Although they aren't as sexy as the other contemporary tools of law enforcement that make more headlines like body-worn cameras and high-tech forensics equipment, no technology is more vital to your mission than your communications equipment.
Since the late 1990s law enforcement communications tools have been transitioning, first from analog to digital signals, then to advanced digital processing and narrow banding to meet the Project 25 (P25) standard, and now from land mobile radio portables into hybrid radio and cellular wireless portables.
In 2015 the revolution in law enforcement communications tools continues on a variety of fronts. Here's what's happening to make your mission-critical voice communication tools more capable and more useful.
Improving the Portables
Portable radios are some of the most rapidly evolving tools used in law enforcement. Harris, Kenwood, Motorola, Tait, and other players are all competing in this market to provide the most innovative and useful features and clearest sound for law enforcement operations.
Harris released its new XL-200P in August. The XL-200P is a full-spectrum radio that offers single- and multi-band capability. Bands can be added with a simple software upgrade. Mark Tesh, Harris' product manager for advanced development says the new portable "performs seamlessly across all bands." The XL-200P is lighter than the company's previous law enforcement portables, but offers excellent audio quality, extended battery life of more than 10 hours, Bluetooth and Wi-Fi connectivity, and GPS tracking. Tesh says despite its compact size and light weight, the XL-200P is "brilliantly loud and brilliantly clear in the loudest environments." He explains that Harris achieved the sound quality through an innovative design of a woofer and tweeter with tuned cavities. Should a user miss a message or not understand part of a message, the XL-200P stores the last five messages for replay. "It's a simple solution to a really common problem," Tesh says.
Kenwood's latest P25 Phase II portable is the TK-5410D. It offers enhanced microprocessing for coverage of the entire 700 MHz and 800 MHz voice bands and MIL-STD-810 toughness and IP-54/55 moisture and dust protection. Some of the features include: 100 zones with 1,024 channels, a backlit dot matrix LCD, 16-character alphanumeric aliases, a three-digit sub-display, and several encryption keys.
Motorola added the APX 8000 to its product line of public safety portables in March at the International Wireless Communications Expo. The all-band, WiFi-enabled P-25 radio features an adaptive audio engine and a 1-watt speaker for sound quality and vocal clarity.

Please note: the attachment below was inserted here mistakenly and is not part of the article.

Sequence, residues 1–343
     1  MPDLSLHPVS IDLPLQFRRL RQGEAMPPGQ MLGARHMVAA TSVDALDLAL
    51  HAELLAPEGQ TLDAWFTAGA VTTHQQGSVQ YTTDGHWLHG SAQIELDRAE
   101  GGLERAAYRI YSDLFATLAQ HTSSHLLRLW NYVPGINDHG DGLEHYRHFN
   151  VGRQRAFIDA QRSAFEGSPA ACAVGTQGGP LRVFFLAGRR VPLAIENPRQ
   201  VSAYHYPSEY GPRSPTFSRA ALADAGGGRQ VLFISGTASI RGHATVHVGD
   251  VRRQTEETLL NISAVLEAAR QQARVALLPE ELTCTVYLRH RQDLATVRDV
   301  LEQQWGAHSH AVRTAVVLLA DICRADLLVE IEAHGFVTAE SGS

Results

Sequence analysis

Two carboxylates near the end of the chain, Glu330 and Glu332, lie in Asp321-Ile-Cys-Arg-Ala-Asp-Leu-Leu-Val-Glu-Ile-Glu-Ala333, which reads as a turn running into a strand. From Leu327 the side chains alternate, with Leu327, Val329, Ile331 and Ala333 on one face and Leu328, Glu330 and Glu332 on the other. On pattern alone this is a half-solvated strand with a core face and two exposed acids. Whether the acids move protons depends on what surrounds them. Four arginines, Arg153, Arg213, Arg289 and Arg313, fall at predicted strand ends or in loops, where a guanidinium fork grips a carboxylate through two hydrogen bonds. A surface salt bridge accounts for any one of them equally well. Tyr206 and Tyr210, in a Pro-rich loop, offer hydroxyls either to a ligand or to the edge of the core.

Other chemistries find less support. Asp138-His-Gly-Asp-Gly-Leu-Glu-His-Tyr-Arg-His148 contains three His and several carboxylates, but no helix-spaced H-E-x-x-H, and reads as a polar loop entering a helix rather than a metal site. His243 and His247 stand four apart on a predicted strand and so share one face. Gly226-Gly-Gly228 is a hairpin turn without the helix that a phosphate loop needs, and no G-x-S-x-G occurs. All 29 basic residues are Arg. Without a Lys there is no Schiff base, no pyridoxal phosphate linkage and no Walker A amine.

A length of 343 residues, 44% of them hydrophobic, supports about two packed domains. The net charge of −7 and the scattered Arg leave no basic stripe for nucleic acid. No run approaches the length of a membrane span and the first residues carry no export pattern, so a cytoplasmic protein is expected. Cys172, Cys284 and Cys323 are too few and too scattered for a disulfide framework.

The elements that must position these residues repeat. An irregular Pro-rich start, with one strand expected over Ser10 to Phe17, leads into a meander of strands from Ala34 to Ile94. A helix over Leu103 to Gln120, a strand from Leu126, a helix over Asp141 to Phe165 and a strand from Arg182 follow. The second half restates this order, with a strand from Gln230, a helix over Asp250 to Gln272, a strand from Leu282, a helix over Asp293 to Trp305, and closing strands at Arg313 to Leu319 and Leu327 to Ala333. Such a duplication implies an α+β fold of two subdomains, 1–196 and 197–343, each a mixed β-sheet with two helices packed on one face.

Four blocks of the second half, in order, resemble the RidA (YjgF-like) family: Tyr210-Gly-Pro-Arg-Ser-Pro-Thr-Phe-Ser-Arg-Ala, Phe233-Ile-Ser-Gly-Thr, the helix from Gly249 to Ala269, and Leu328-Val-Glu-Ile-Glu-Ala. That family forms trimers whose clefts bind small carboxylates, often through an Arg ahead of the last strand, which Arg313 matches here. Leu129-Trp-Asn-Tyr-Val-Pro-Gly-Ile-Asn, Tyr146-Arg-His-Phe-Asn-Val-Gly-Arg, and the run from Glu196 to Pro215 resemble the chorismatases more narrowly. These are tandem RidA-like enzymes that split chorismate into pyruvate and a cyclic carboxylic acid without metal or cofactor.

Tait's latest public safety portable is the TP9400, which offers multiple operating modes. The TP9400 can operate in analog mode and in 12.5 KHz P25 Phase 1 FDMA conventional/trunked, upgradeable to 6.25 KHz (equivalent) P25 Phase 2 TDMA trunked and LSM (CQPSK). Tait says having all of this decode capability in a single device allows users to transition into upgrades according to their needs. Features include GPS positioning, Bluetooth connectivity, and officer down functionality. The TP9400 meets MIL-STD-810G standards for ruggedness and IP67 for water and dust resistance.
There was a time when very few law enforcement agencies would even think of allowing their officers to use Bluetooth to pair a headset to their portable radios. That's changing now as more portable radios offer reliable Bluetooth signals and a variety of companies make Bluetooth mics suitable for law enforcement operations.
Motorola's Mission Critical Bluetooth Earpiece consists of a PTT module that clips onto the officer's shirt or vest and connects via a 9-inch or 12-inch coiled cord to the earpiece. The PTT Module houses the technology and a lithium battery pack. The mic is designed for use with Bluetooth-enabled portables radios but an adapter is available if agencies want to add Bluetooth to older portables. Maximum range is 33 feet.
Pryme Radio Products is one of the leaders in adding Bluetooth functionality to law enforcement public safety radios. The company is developing both new products for Bluetooth connectivity and modifying some of its existing products for wireless use. For example, one of Pryme's most popular mics is the SPM-100, which has now been modified for Bluetooth as the BTH-SPM100. The mic has a 10-meter range and a 10-hour battery life.
Law enforcement communications experts have been talking about the convergence of portable radios with smartphone and handheld devices for more than a decade. Today we are seeing some of this prophecy coming true.
Harris and Motorola are two of the industry leaders who are driving the convergence between portable radios and cellular devices. Their two latest public safety handsets feature LTE connectivity so officers can communicate via radio or via cellular data transmission on commercial or dedicated public safety spectrum (FirstNet).